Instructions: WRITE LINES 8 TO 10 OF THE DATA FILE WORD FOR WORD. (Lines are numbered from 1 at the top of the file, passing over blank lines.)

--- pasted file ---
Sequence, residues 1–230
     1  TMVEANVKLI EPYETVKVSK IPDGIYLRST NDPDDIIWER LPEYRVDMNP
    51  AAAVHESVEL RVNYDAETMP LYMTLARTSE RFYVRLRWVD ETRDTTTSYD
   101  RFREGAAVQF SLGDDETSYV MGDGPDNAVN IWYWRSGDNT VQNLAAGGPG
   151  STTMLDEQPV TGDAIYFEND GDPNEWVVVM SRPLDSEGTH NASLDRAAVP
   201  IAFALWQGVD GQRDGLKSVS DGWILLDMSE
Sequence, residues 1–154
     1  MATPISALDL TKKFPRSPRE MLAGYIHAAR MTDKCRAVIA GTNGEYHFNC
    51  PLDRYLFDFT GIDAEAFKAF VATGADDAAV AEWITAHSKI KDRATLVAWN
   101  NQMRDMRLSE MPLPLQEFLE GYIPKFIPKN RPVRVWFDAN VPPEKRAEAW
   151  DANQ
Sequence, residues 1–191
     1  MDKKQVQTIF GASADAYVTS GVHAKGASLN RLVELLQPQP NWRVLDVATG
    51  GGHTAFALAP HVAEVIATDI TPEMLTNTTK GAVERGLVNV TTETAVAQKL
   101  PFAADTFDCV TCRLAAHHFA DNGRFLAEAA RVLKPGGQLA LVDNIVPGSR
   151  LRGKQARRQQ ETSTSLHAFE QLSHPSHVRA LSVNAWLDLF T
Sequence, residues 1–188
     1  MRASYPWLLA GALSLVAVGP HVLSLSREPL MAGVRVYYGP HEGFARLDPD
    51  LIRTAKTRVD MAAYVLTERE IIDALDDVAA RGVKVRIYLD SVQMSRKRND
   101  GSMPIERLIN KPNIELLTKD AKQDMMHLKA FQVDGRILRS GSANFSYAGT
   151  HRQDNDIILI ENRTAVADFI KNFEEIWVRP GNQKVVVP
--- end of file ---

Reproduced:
     1  MATPISALDL TKKFPRSPRE MLAGYIHAAR MTDKCRAVIA GTNGEYHFNC
    51  PLDRYLFDFT GIDAEAFKAF VATGADDAAV AEWITAHSKI KDRATLVAWN
   101  NQMRDMRLSE MPLPLQEFLE GYIPKFIPKN RPVRVWFDAN VPPEKRAEAW